Well, what do you know? Here I am posting on my blog for you even though I'm on vacation. You know what that is? Love.
Speaking of Love.....I've been reviewing all the traffic stats on my blog and I've found that the work you all seem to love by far the most is the concept art for my adaptaion of Gaston Leroux's "Le Fantome de L'Opera" ("Phantom of the Opera," you non-French speakers!) I can't blame you because I Love it, too. This is why I've compiled all the Phantom concept art I'm willing to show you right now into this one very Phantom post! MERRY Christmas!!!
I'm not sure if I've professed my deep and undying Love for "The Phantom of the Opera" very clearly on this blog. I've read that novel more times than I can count, I've seen the play on Broadway 3 times (making that 5 times total) and seriously, I never get tired of it. I can't explain it! It's a really well-crafted story and the main reason I want to adapt it is because that beautiful story is almost always butured beyond recognition in adaptations. This is something I want to correct for Phantom Lovers everywhere--and for those of you who only know that there is a masked freak living under the Opera House I can't wait to introduce you to Erik, the Phantom, who I think is one of the most creative, innovative and amazing characters ever created. NOW on to the art....
Let's get started right off the bat with what I know you all really want: Erik and Christine!
|The image on the right is, at least, compositionally, how I want it. A few minor tweaks and it's ready to go on to be finished. Also, I want her dress--she's got a bouquet of roses on her butt!|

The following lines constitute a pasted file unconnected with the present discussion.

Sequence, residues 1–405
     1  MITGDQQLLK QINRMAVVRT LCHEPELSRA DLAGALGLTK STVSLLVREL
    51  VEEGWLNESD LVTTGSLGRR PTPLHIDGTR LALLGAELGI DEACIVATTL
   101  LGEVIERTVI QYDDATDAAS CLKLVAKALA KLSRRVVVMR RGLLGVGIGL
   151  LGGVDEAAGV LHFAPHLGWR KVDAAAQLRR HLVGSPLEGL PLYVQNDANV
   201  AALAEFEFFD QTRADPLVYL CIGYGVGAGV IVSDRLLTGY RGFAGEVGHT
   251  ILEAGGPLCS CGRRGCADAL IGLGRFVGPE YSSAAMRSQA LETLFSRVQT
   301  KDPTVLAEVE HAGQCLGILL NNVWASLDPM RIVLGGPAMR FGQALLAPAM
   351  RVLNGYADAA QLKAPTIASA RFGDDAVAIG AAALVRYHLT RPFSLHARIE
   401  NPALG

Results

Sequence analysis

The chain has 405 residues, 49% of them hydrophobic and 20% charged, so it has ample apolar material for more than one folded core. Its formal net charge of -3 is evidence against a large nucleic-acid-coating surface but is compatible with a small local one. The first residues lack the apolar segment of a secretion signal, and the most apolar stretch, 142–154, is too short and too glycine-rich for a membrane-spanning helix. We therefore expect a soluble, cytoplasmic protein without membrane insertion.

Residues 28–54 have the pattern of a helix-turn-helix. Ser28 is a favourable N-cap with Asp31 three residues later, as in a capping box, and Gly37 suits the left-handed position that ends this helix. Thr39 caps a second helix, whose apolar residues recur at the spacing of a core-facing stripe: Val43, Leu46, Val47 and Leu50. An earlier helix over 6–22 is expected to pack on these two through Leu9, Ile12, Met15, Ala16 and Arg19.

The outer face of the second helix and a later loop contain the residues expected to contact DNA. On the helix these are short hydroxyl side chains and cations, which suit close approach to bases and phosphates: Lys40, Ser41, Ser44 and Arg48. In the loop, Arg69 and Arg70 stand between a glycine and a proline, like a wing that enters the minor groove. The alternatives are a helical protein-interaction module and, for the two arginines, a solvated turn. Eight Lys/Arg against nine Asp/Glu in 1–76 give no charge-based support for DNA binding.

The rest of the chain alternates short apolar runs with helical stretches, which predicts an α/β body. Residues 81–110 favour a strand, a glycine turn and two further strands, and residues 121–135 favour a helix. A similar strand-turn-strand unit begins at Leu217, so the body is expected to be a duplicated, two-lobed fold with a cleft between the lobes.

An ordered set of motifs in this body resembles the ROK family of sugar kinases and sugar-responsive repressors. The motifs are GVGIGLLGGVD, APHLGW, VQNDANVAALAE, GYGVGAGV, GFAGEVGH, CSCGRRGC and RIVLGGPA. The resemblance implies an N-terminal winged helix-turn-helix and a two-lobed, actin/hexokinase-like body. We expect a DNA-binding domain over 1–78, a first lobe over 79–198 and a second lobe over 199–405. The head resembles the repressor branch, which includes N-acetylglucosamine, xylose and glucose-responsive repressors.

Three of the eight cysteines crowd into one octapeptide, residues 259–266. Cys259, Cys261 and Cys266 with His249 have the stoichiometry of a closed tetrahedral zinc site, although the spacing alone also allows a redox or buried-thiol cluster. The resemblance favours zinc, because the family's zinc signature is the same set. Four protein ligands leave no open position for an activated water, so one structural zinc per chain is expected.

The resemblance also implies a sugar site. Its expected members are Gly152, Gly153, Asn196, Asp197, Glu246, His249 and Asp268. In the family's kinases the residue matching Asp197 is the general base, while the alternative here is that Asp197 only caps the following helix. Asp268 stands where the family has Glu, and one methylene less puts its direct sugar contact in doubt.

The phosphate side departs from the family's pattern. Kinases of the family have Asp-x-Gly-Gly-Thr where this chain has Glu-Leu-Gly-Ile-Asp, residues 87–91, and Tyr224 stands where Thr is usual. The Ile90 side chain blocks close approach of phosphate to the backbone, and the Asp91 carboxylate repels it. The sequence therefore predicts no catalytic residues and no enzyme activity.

Ultimately, I want my adaptation to really capture what Leroux was trying to get across. One of those things was the magesty of Garnier's Opera House in Paris. The Opera House, itself, is a very important character in the book--much the way Notre Dame Cathedral is in Hugo's "The Hunchback of Notre Dame." And the way the island was a character in "Lost." Because of this it is very important, in my mind, to get to know and be comfortable drawing this space with or without a reference. So I've been drawing it, studying floor plans and cross-sections and watching documentaries and consuming about anything that I can on the subject. Someday when I'm actually at the Paris Opera House I don't think will need a tour guide because I'm pretty sure I know where everything is and it will be really interesting to see how reality matches up with my mind's construction. Here are some of the sketches I've done of the Grand Escalier:
|I know it's not perfect but I'm happy with how it seems to draw you in and up--just like Garnier wanted. (:|
|There are so many things I love about this space, one of them being how very few straight lines there are and how absolutely everything has been embelished in some way. Ahhh, Neo-Classicism, how I love you, so.|
Here are examples of how I want the finished art to look. Though I'm still tweaking things, stylistically, these are very close:
|The left panel is how the color will be: washed out ochre with red as the only prominent color. |
Well, this has been fun but I'm sure I mentioned earlier that I'm on vacation. It's time to take care of that relaxing thing I'm supposed to do now......I'm not entirely comfortable with it but I think I should try it out. I hear it does wonders. :-)
Thanks for visiting this week and thanks for Loving my Phantom art so much!!
Keep coming back for more and, as always, email me with any questions/comments.